Where Would You Be If You Were Fully Committed?

I just listened to a part of a sermon by Bishop TD Jakes via the podcast Motivate on Spotify and the topic of the day was commitment. Bishop TD Jakes challenged his congregation to think about where they would be if they fully committed to their goals or if they fully committed to something. This is a good question.

10,000 Hours Rule

There is a “rule” popularized in the book Outliers by Malcolm Gladwell that it takes approximately 10,000 hours of deliberate practice to become an expert at something. The findings, which were originally performed by K. Anders Ericsson, indicate that this equates to about four hours of deliberate practice a day for 10 years. I think without knowing this, most of us know that to truly grow in whatever field we’re interested in it takes time and dedication, but we don’t have a good sense of what that truly looks like.

In addition, to be dedicated is not just about devoting time and effort to said practice, but it’s also weathering any setbacks, any troubles, the struggles and the like. You can be dedicated to something when everything is going well, but what about when you have obstacles? To be committed to something is to persist, despite the struggles. To be successful one must also have grit.

Think about your past. How committed were you really to doing well in school? How committed were you to that sport you played? That instrument you picked up? That side business? That relationship? How committed were you to it, really?

The Four Burners Theory

When you focus on one thing though that means you’re sacrificing something else. James Clear eloquently discusses this dilemma with the Four Burners Theory. The theory states that there are four major areas of your life: family, friends, health, and work. To be successful, you have to cut off one of your burners and to be really successful you to turn off two. It becomes important to know what to devote your time to. How do you choose what to commit to though?

How to Make a Decision

Begin with the end in mind. I think that’s the most important guide to making important decisions. Identify, what you’ll want to have accomplished 50, 30, 10, 5, 1 years from now and choose paths that align with those goals. You make decisions based on the available information at the time and adjust once new information is learned. You research what actions are most likely to get you to reach your goal and follow those steps. Then, you have a little bit more confidence that what you’re thinking about doing is something that you should be fully committed to doing.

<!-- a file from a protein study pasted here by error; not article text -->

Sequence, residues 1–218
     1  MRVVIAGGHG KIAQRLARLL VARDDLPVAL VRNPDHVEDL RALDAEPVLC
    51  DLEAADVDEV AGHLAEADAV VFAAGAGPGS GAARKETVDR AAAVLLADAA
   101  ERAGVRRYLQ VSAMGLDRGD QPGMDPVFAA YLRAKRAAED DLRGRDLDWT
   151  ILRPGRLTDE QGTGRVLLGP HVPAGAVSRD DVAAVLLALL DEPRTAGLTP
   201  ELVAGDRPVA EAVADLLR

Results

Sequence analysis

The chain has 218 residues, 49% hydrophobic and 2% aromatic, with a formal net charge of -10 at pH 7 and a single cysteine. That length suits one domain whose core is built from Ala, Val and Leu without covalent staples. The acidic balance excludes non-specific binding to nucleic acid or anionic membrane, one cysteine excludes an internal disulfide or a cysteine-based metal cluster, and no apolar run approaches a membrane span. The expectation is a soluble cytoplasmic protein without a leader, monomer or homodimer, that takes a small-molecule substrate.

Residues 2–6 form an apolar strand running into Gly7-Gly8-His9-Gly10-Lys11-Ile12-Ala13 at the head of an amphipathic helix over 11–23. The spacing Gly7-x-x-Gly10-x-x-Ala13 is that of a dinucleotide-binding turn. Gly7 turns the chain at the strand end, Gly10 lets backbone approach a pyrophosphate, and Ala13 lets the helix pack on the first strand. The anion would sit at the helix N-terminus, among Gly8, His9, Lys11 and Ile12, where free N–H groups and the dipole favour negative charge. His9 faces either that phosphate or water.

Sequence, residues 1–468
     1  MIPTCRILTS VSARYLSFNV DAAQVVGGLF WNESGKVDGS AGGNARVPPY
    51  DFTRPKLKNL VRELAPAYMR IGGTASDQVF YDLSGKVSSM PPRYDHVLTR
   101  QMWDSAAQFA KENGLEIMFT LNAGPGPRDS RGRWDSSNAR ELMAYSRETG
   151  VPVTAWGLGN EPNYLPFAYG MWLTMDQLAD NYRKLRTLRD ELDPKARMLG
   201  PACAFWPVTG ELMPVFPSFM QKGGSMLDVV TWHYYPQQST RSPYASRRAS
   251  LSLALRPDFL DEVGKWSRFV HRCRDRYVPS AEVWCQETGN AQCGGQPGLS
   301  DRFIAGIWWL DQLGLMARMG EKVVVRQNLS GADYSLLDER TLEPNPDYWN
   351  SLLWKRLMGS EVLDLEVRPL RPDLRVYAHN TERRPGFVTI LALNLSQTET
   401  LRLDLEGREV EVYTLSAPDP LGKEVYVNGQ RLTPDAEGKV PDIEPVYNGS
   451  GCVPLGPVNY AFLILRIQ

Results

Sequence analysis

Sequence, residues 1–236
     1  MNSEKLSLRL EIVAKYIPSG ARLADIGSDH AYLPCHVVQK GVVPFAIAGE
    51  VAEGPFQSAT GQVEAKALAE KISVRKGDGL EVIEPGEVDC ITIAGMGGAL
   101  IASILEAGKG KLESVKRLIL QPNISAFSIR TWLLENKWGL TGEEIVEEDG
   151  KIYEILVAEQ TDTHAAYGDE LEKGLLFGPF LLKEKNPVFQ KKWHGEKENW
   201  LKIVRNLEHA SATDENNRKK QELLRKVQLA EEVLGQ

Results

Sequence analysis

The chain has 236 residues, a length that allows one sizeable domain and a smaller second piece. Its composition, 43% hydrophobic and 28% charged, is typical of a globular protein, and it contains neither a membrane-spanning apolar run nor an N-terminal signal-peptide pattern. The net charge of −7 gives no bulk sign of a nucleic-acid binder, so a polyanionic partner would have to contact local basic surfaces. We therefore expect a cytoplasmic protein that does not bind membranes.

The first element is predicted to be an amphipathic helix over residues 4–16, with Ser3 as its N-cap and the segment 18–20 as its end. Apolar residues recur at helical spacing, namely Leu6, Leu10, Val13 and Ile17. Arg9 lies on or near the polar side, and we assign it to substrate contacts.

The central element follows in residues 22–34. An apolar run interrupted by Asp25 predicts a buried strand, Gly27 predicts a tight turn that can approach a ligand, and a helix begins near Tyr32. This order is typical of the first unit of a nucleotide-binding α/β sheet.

Then, on a more granular level, say, on a day-to-day basis, we should make choices based on the available data that we have. Thinking in Bets by Annie Duke provides a good framework for this. This simply being to think about your decisions in terms of probability. Decide on the option that has a higher likelihood of occurring. If things don’t turn out the way you expect, still feel content that you made the best decision, but understand that few things are 100% guaranteed. Roll two dice enough times, you’ll get snake eyes.

As time passes, you should reflect on your progress and assess if what you’re doing is working. What are reasonable time-frames to expect certain progress points? What are the measurable outcomes?  So maybe one month in six months in a year in two years, five years.

If you don’t have the knowledge of the markers of progress or the necessary markers of progress, that’s when you should be reaching out to others who have experienced this. Read articles or books on the subject. Talk to mentors and your peers.

Commitment Requires Sacrifice

So, when we’re coming up with these goals and ideas for ourselves we have to understand that maybe at this point in time I can really only focus on two of these things fully. And these other things will probably be neglected. I think we have to understand that, accept it and communicate that to the people in our lives.

Reflecting on our lives, we can recognize some of these natural shifts. Nowadays, a lot of people spend their 20s building their careers, delaying marriage and delaying having kids. Then, in their late 20s, early 30s people are concerned about settling down and building a family.

Ultimately, to reach high levels of success require commitment and sacrifice. If you fully committed to something, what would you have achieved? What would you have sacrificed? What is success worth to you?

Photo by The Lazy Artist Gallery from Pexels

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